Vitamin K Is (Finally) Having A Moment

When you think of vitamins, you probably start at the beginning of the alphabet. A, B, C—you get the picture. But something weird happens after vitamin E: We skip straight to vitamin K.

Always the bridesmaid, never the bride, vitamin K has long been considered last—and least. Yet despite its lack of limelight, K is still important for your health.

For starters, there are actually two types of this fat-soluble vitamin: vitamin K1 (a.k.a. ‘phylloquinone’), which supports blood clotting after injury, and vitamin K2 (a.k.a. ‘menaquinone’), which promotes strong bones and a healthy heart. The bacteria in our gut produce some vitamin K2, and we get the rest of our Ks from food.

The Benefits

Wound healing. “Without the clotting benefit of vitamin K1, a simple paper cut could cause massive bleeding,” says Maria Zamarripa, M.S., R.D., owner of FoodFarmacistRD. Why? Our bodies need vitamin K to produce the proteins that help blood clot. That’s why it’s used when a patient on prescription blood thinners experiences an uncontrolled bleeding incident, and is even given to newborns who don’t yet have enough vitamin K in their bodies for proper blood clotting, according to the U.S. National Library of Medicine.

Strong bones. Ever wonder why you see K2 in bone support supplements? “K2 can boost bones’ absorption and utilization of calcium,” says Zamarripa. This supports stronger bone density, which is key in preventing osteoporosis, fractures, and injury as we age. In fact, one study found that postmenopausal women with osteoporosis who took 45 milligrams of vitamin K2 with 1,500 milligrams of calcium per day saw a significant increase in lumbar bone mineral density.

Heart health. Because vitamin K2 activates an enzyme that shuttles calcium into the bones, it also promotes heart health by preventing calcium from building up in the arteries, says Zamarripa.

How Much K Do You Need?

This is where things get a little confusing. The National Institutes of Health (NIH) recommends 90 micrograms of total vitamin K per day for women and 120 micrograms per day for men. However, since testing vitamin K levels (particularly K2) is difficult and there’s not enough data to determine how much K is best for most people, this recommendation is based only on the K1 levels already seen in healthy people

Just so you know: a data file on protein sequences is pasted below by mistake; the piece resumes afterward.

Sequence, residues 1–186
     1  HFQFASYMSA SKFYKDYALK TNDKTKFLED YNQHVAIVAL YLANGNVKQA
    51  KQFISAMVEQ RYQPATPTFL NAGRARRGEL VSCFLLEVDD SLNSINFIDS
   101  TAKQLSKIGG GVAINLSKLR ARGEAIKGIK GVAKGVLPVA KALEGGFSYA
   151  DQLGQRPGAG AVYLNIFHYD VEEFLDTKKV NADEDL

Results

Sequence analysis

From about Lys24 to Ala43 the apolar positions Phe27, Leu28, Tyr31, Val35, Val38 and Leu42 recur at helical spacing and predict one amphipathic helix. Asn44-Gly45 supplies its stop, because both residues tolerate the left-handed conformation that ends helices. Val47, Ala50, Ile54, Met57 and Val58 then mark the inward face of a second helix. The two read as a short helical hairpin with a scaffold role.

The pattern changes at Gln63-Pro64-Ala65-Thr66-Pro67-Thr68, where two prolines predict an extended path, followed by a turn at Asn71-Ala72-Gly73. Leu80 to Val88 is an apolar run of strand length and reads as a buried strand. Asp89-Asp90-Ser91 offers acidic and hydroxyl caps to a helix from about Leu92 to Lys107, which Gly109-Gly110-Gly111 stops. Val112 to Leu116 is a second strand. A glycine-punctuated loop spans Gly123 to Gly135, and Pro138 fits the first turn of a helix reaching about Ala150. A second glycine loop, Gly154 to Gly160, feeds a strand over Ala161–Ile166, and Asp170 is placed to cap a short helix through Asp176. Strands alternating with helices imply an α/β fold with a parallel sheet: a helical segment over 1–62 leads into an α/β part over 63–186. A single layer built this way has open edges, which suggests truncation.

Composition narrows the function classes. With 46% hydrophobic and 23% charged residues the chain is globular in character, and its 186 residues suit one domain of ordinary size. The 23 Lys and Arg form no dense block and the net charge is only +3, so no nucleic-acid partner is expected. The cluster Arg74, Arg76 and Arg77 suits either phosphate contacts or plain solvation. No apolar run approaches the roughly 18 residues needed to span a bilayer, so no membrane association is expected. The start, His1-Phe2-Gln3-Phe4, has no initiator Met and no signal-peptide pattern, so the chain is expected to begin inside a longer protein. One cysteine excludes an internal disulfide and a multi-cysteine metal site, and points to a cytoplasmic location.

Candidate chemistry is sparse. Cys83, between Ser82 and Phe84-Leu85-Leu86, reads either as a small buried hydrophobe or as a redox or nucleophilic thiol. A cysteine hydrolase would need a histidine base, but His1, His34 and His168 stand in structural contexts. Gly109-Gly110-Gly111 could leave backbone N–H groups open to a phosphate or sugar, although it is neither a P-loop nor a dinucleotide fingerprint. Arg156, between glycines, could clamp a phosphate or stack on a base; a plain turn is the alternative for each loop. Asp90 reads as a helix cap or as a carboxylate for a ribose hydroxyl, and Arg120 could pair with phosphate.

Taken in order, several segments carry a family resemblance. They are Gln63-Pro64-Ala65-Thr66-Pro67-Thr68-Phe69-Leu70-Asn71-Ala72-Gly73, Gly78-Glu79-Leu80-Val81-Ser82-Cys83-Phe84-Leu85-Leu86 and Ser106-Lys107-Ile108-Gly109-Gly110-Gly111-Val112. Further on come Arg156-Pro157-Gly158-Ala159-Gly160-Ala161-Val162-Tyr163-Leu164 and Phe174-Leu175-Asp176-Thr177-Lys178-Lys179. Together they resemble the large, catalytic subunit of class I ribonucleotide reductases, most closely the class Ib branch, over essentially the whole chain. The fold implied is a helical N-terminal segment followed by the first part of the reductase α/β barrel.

That’s why the research organization VitaminK2.org believes that the current recommendations are insufficient for the optimal function of the proteins in our tissues (like bones and blood vessels) that depend on vitamin K. “Our concern is that there is a current RDA for K1, but none for Vitamin K2—so the population is not receiving its bone and cardiovascular benefits,” says Katarzyna Maresz, Ph.D., President of the International Science and Health Foundation, the independent international research consortium that created VitaminK2.org.

For now, the NIH asserts that vitamin K is only of concern for people who take blood thinners or have bleeding disorders—but Maresz’s organization suggests it’s also important for newborns, children, adults over 40, and people with kidney issues, intestinal disorders (like IBS), and cystic fibrosis, who may all be lacking in that bacteria-produced K2.

The organization also posits that the typical Western diet contains insufficient amounts of vitamin K2—an issue that’s only worsened by our frequent use of antibiotics, which “can kill the good bacteria in our gut, potentially reducing our vitamin K2 levels,” Zamarripa says.

How To Up Your Intake

You’ll find the more-common vitamin K1 in dark leafy greens and cruciferous vegetables, such as kale (531 micrograms per cooked half cup), spinach (444 micrograms per cooked half cup), broccoli (220 micrograms per cooked cup), Brussels sprouts (219 micrograms per cooked cup), and Swiss chard (299 micrograms per raw cup).

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The elusive vitamin K2, meanwhile, is found in pasture-raised animal products such as full-fat dairy, egg yolks (six micrograms per egg), and ground beef (six micrograms per three-ounce serving). It also has another lesser-known, more potent source: a Japanese dish called ‘natto,’ which is made from fermented soybeans and packs a whopping 850 micrograms per three-ounce serving. A study of elderly Japanese men even links habitual intake of natto—and its vitamin K2—with increased bone health.

To make sure you’re gettinbg adequate K2, Maresz recommends taking a high-quality K2 supplement—45 micrograms a day for children and 180 micrograms a day for healthy adults. And, “if your doctor prescribes antibiotics, make sure eat plenty of dark leafy green vegetables and fermented dairy products like yogurt, or take a supplement, to replenish your vitamin K,” says Zamarripa, (We like The Vitamin Shoppe brand 100mcg Vitamin K2.)

Since vitamin K can affect the effectiveness of blood thinners, talk with your doctor before adding a supplement—or even more leafy greens—to your routine if you’re on medication.